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This photo was taken during a photo shoot I did for my dear friend, Lisa Diagneault. I was trying to demonstrate a pose I wanted her to attempt, and as I did so her horse Thia simply placed her foot into my hand, pressed her head gently to mine, closed her eyes and released a big sigh. Thia and I have a great deal of history together, and by that gesture it was obvious that she certainly felt the need to share something. I was honoured and humbled that she chose to share it with me. This is a horse who trusts me, because she knows I trust her. This is why I do what I do…


PHOTO: LEXI JONES

Bella casually investigates a trailer for the first time. There was no pressure, it was just an invitation.

Horses have an innate sense of our intentions. They can read our body language and understand signals that we may not even realize we’re giving. Horses just naturally feel safer around those who mean them no harm. I believe this is why some people are truly gifted with horses; it may also explain why some do so well at exploiting them. It all depends on how you use your PHOTO: LISA DIAGNEAULT

talents. We are all connected, remember this every time you’re with your horse. — Kevan Garecki

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ANNUAL O CONTEST O PH T

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HOCANADIAN AL RSE JOURN

Celebration of Horses

PHOTO CONTEST

Album of Winners We are delighted to congratulate the Winners and Runners-Up in our 27th Annual Celebration of Horses Photo Contest. Our 2018 contest welcomed the highest number of entries ever, and the quality just keeps getting better every year. Our sincere thanks go to the hundreds of horse lovers who shared their special moments and stories of beloved equines and working partners. The continued success of this contest would not be possible without the generous support of our wonderful sponsors, to whom we are extremely grateful. The lucky winner in each category will receive a $250 gift certificate from Noble Outfitters. Two runners-up in each category will receive a POG (Portable Ozone Generator) from Strathcona Ventures. 62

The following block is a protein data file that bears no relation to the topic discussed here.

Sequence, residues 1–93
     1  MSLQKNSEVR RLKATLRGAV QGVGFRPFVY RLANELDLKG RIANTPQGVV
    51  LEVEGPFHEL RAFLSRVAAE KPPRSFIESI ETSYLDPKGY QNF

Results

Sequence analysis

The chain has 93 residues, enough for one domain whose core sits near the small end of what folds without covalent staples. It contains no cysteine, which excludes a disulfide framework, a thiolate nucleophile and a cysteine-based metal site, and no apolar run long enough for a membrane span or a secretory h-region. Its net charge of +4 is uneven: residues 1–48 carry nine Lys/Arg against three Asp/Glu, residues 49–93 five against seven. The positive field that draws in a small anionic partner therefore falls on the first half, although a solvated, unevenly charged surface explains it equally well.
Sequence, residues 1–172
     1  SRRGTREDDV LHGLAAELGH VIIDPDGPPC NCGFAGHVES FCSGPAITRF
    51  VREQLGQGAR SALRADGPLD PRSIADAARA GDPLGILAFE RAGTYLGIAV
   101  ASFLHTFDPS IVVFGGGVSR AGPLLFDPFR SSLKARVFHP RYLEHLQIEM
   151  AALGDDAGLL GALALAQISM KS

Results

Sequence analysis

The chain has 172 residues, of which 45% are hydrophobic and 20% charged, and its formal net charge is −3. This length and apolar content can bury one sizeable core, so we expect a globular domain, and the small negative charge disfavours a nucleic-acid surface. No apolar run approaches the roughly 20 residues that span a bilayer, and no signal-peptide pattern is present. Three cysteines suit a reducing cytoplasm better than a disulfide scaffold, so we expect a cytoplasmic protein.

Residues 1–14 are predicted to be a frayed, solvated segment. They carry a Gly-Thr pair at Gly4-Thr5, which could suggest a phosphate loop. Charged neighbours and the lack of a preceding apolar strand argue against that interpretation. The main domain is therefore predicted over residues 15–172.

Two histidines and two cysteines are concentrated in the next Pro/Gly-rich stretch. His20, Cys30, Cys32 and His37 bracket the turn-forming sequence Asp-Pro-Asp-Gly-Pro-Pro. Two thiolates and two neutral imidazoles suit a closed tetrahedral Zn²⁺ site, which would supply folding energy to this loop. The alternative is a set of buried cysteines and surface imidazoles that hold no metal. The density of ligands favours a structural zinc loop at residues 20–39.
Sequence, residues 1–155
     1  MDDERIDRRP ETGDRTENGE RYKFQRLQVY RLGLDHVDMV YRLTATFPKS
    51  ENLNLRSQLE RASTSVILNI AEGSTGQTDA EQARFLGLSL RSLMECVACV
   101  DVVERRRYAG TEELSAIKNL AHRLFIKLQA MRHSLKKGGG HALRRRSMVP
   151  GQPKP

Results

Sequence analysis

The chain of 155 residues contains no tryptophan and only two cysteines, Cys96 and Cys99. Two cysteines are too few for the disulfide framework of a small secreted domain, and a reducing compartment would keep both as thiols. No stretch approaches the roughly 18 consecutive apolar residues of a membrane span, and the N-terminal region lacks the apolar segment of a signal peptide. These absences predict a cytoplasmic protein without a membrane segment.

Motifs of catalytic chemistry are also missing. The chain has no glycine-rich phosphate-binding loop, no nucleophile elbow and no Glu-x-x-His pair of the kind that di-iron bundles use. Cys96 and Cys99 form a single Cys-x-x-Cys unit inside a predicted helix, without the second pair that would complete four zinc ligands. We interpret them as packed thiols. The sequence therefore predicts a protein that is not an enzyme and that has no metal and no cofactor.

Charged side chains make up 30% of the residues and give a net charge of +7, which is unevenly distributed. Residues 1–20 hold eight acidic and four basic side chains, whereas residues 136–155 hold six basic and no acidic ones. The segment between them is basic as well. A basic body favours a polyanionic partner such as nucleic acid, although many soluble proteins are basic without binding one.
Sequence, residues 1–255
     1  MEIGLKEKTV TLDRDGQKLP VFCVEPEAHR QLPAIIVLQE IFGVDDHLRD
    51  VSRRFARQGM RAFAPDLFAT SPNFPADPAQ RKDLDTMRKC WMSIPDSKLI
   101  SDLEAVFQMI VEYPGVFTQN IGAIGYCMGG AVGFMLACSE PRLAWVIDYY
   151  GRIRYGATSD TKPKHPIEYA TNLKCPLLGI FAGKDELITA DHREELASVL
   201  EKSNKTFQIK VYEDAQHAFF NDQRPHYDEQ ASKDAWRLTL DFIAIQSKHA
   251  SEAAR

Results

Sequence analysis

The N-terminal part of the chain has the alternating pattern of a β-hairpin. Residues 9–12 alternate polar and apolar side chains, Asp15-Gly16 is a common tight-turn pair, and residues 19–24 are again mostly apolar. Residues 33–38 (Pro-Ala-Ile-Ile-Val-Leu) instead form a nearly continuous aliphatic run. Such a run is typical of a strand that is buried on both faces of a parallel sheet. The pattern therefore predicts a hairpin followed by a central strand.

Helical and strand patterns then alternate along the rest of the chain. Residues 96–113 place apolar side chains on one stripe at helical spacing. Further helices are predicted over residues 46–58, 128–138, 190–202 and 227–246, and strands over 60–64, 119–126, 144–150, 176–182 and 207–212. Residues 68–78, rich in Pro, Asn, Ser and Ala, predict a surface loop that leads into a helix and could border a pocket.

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LOVE OF HORSES Depicting the Human-Horse Bond


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WINNER

Tribute

“This was my tribute photo to the Humboldt Broncos Bus Tragedy on Jersey Day [April 12, 2018],” says photographer Debbie Thiessen. “My husband, Ken, was the willing rider and his horse is Diego, an 11-year-old Andalusian gelding.” WINTER 2018

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BOOK REVIEW IIIIIIIIIIIIIIIIIIIIIIIIIIIIIIIIIIIIIIIIIIIIIIIIIIIIIIIIIIIIIIIIIIIIIIIIIIIIIIIIIIIIIIIIIIIIIIIIIIIIIIIIIIIIIIIIIIIIIIIIIIIIIIIIIIIIIIII